What do you call a tamarind in the Philippines?

What do you call a tamarind in the Philippines?

While in the Philippines, it is called sampalok or sampaloc in Filipino, and sambag in Cebuano. Tamarind ( Tamarindus indica) is sometimes confused with “Manila tamarind” ( Pithecellobium dulce ).

Where can I find machine translation of Tamarindo?

See Google Translate’s machine translation of ‘tamarindo’. Inf√≥rmanos de los anuncios inapropiados. Become a WordReference Supporter to view the site ad-free.

Why are the leaves on a tamarind tree drooping?

The branches droop from a single, central trunk as the tree matures, and are often pruned in agriculture to optimize tree density and ease of fruit harvest. At night, the leaflets close up. As a tropical species, it is frost-sensitive. The pinnate leaves with opposite leaflets give a billowing effect in the wind.

What kind of soil does a tamarind plant grow in?

It prefers clay, loam, sandy, and acidic soil types, with a high resistance to drought and aerosol salt (wind-borne salt as found in coastal areas). The evergreen leaves are alternately arranged and pinnately lobed. The leaflets are bright green, elliptic-ovular, pinnately veined, and less than 5 cm (2.0 in) in length.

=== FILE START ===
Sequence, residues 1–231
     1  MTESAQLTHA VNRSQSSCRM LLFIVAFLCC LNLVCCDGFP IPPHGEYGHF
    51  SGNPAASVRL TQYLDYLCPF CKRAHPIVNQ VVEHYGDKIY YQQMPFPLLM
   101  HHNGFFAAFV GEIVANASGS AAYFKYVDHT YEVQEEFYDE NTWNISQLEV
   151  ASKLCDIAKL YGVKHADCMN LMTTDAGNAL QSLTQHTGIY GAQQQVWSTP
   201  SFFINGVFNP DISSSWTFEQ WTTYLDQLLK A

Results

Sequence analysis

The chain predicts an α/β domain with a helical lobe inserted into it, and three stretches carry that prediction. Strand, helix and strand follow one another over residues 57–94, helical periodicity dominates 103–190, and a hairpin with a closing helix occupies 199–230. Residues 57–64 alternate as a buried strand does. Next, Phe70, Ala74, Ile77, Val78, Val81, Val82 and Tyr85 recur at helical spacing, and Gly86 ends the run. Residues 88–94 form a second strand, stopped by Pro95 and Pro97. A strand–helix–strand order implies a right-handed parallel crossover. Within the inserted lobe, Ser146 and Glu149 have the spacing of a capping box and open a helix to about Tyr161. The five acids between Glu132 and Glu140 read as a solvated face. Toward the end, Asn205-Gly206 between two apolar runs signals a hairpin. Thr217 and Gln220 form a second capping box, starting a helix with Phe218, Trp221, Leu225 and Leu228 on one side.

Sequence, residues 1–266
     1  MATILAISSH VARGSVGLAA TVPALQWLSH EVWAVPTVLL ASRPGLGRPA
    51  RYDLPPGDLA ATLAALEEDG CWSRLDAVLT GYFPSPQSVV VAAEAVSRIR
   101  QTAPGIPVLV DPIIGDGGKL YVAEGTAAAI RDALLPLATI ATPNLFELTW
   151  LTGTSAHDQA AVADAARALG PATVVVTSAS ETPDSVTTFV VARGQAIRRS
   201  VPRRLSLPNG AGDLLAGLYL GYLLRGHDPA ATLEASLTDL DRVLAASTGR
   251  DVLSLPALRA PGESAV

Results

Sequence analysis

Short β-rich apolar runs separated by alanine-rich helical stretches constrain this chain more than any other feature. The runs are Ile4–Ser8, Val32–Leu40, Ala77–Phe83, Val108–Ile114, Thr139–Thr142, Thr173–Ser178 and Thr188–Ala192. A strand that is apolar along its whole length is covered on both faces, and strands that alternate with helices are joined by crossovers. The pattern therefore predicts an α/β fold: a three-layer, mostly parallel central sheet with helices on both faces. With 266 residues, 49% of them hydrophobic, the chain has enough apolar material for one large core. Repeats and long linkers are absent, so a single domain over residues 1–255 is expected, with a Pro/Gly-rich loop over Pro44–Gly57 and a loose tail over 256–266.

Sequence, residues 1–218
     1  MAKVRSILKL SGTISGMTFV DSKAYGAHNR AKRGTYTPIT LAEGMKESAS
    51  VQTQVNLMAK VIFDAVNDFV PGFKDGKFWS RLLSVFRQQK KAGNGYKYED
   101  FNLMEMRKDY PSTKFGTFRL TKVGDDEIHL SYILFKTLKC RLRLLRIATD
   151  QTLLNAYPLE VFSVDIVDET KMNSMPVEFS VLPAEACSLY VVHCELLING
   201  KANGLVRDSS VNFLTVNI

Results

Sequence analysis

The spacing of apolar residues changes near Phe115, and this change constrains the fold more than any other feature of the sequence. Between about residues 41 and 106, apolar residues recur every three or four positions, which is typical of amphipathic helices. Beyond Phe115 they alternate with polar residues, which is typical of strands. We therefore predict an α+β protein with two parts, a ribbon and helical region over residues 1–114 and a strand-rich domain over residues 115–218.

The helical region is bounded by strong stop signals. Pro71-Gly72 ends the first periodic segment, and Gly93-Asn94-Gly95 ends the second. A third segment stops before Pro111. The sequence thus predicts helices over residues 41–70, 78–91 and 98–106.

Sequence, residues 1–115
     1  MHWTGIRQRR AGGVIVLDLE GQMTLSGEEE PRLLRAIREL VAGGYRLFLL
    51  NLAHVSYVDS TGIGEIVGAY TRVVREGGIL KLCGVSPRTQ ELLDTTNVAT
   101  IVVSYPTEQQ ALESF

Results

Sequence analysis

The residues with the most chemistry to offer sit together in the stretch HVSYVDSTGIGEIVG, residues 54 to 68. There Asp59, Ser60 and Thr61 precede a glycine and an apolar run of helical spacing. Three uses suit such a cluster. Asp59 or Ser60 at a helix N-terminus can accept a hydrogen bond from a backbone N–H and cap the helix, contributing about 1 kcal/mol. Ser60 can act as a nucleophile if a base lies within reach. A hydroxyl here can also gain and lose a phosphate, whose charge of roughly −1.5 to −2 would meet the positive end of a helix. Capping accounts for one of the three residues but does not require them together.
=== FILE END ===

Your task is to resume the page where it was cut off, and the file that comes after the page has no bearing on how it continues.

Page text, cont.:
Why is tamarind pulp used in Worcestershire sauce?

As the fruit matures it becomes sweeter and less sour (acidic) and the ripened fruit is considered more palatable. The sourness varies between cultivars and some sweet tamarind ones have almost no acidity when ripe. In Western cuisine, tamarind pulp is found in Worcestershire Sauce and HP Sauce .

How much does a tamarind tree produce per year?

The seeds are somewhat flattened, and a glossy brown. The fruit is best described as sweet and sour in taste, and is high in tartaric acid, sugar, B vitamins, and, unusually for a fruit, calcium. The fruit is harvested by pulling the pod from its stalk. A mature tree may be capable of producing up to 175 kg (386 lb) of fruit per year.

What kind of snacks are served with tamarind pulp?

Tamarind sweet chutney is popular in India and Pakistan as a dressing for many snacks and often served with samosa. Tamarind pulp is a key ingredient in flavoring curries and rice in south Indian cuisine, in the Chigali lollipop, in rasam, and in certain varieties of masala chai tea.

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